In 2010, these kinds of stories might even seem naive, but in 1945 the goal was to teach children to be civil and not to judge people based on race, creed, or financial circumstances. In the story "Happy Birthday," for instance, Clark is going to a schoolmate's birthday party that has apparently been ruined because her father has been questioned for a crime and exonerated -- but this causes none of her schoolmates to come to the party except for Clark. Superboy decides to make this right by seeking out the inspector in charge of the case and taking him back to the classmate's houses to tell them that the girl's father was questioned by mistake and the real robber was already apprehended. All of the mothers call one another to make sure that the classmates go to the party. To top it off, the day is also Clark's unofficial birthday. Sweetly amusing, that is why this book is such a gem: it shows the distinct difference in society's innocence between 1945 to today.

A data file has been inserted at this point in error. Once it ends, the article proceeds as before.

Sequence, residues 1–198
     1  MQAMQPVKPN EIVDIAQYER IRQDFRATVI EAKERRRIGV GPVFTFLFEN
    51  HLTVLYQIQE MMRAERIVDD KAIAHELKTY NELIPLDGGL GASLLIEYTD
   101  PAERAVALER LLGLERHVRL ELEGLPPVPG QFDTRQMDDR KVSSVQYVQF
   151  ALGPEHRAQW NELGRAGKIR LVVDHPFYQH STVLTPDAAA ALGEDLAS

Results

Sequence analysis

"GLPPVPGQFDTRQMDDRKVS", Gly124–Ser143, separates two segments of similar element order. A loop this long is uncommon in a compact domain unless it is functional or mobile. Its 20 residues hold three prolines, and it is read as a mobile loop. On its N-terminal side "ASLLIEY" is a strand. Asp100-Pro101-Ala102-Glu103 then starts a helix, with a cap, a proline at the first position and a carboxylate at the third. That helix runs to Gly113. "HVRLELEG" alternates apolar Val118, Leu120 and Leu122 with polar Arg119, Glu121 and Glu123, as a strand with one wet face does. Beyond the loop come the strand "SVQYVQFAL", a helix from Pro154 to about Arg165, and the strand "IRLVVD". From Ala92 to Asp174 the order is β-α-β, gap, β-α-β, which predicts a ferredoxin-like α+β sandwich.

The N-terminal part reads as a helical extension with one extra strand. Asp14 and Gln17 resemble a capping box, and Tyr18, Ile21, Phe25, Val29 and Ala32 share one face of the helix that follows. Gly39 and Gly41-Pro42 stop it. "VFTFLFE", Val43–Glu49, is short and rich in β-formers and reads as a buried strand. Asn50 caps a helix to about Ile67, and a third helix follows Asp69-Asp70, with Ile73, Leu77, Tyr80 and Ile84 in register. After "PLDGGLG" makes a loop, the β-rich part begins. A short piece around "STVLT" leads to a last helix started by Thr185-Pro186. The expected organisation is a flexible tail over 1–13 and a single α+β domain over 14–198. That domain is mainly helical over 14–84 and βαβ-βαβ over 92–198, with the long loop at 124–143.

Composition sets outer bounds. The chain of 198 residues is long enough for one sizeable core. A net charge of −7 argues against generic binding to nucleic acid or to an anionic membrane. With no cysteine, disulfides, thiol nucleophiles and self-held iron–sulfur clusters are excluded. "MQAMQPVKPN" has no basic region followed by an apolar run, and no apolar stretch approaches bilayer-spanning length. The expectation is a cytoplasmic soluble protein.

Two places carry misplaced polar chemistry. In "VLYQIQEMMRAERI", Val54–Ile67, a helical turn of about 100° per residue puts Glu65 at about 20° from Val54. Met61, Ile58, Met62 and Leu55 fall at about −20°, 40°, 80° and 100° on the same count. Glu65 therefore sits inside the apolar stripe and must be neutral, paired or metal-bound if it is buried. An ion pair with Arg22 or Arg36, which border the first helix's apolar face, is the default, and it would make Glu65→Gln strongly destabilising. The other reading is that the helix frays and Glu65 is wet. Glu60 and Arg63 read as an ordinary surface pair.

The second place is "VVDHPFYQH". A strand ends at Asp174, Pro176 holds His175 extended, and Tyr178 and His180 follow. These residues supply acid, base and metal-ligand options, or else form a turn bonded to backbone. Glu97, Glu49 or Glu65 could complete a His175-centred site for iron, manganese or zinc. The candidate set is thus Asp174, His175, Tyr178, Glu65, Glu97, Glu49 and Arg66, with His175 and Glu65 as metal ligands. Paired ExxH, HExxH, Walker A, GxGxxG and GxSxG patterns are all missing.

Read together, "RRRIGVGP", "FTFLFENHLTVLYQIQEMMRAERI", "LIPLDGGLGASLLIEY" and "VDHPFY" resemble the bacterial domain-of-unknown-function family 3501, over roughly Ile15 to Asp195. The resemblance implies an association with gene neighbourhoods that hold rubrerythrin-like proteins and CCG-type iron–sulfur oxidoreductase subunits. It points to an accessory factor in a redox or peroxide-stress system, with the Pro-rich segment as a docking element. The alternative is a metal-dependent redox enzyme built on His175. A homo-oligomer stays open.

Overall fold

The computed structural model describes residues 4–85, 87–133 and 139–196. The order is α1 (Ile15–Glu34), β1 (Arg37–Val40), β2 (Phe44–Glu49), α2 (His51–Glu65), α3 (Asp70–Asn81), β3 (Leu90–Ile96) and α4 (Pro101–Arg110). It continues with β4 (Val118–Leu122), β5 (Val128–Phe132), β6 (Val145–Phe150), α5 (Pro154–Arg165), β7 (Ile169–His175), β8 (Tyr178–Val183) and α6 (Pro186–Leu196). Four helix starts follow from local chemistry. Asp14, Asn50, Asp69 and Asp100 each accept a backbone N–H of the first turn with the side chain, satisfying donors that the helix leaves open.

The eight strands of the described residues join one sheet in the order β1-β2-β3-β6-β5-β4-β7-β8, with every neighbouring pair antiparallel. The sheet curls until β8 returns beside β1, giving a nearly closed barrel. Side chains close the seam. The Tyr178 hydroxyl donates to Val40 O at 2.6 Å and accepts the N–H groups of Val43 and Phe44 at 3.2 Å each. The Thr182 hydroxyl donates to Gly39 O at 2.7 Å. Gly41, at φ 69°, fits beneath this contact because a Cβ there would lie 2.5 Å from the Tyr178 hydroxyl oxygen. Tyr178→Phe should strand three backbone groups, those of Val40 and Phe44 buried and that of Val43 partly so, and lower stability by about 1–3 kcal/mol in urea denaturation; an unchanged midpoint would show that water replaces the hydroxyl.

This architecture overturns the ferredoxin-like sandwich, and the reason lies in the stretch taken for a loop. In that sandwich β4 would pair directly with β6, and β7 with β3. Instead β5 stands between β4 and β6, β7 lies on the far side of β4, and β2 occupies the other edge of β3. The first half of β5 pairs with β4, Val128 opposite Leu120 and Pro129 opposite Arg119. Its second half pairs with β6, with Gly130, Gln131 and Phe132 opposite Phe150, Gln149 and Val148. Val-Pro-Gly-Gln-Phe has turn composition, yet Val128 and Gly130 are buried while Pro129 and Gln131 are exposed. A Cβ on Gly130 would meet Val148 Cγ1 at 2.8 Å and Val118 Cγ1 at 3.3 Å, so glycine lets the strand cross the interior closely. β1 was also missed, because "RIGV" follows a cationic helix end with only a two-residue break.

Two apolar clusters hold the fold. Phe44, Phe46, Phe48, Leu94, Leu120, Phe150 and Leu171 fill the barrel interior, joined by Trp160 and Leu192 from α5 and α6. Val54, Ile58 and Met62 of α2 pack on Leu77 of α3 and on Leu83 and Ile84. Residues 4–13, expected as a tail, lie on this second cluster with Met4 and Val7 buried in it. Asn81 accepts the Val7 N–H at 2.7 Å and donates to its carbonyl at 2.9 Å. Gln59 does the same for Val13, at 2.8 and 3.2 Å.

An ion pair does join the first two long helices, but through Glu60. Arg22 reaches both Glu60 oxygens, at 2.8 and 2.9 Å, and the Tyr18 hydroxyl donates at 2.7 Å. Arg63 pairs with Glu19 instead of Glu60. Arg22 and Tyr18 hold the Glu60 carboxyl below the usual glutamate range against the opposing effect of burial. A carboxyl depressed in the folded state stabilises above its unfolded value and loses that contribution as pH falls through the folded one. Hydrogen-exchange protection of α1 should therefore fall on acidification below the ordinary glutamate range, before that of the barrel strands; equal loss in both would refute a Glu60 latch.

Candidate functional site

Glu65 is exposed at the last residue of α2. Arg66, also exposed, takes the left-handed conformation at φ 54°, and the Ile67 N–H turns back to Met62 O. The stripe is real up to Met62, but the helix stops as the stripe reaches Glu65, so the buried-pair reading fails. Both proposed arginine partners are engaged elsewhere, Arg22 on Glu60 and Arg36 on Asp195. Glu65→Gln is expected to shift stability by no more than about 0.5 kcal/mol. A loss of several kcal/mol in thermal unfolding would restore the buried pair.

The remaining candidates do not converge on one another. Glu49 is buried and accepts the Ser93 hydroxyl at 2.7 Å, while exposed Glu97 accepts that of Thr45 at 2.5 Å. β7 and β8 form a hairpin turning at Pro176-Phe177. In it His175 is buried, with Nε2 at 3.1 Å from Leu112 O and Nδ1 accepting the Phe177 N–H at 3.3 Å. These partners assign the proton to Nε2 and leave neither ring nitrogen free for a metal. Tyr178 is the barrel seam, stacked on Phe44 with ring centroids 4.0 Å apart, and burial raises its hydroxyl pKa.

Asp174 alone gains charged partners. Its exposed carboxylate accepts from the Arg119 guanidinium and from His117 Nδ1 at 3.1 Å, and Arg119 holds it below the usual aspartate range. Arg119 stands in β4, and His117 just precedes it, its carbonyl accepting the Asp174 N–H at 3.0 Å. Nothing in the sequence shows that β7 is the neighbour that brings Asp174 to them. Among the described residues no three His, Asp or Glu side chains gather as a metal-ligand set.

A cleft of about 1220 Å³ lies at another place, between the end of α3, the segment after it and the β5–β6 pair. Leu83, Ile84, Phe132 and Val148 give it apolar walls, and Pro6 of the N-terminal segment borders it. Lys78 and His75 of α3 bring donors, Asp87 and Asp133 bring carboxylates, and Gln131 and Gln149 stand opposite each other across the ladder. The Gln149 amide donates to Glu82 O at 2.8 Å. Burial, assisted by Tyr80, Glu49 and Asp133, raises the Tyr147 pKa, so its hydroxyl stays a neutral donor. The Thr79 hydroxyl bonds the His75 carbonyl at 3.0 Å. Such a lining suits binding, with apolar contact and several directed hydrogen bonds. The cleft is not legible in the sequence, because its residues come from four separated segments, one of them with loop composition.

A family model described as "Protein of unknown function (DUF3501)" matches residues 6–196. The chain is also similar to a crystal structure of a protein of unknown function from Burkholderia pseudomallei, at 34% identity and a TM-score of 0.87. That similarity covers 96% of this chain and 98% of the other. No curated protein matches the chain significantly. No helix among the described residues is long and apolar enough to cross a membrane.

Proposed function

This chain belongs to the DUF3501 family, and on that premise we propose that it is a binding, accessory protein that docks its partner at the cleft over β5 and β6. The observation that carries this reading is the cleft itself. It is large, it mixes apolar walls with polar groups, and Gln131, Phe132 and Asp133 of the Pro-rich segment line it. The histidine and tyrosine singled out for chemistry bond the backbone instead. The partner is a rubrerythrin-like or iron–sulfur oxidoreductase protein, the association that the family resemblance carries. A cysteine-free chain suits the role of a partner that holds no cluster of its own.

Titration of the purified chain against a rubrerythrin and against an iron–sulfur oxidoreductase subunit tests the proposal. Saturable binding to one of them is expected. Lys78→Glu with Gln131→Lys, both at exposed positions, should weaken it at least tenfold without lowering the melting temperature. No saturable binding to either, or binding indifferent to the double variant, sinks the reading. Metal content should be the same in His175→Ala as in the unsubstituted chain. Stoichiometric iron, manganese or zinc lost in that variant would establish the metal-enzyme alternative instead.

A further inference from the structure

Also, you won't find any villains or even characters that populated the Silver Age Superboy, with the notable exception of a very young Perry White. Perry makes an appearance in "Perry White, Cub Reporter" (originally from Adventure Comics #120). You see the future-editor of the Daily Planet get his job at the Daily Planet and how a young Clark Kent helped him do so, even though the story never actually became part of DC continuity (though it is echoed in the current Smallville mythos -- ed). Even more notable is that, though Perry is recognizable, this early Superboy's parents in this series aren't the Ma and Pa Kent we're so used to.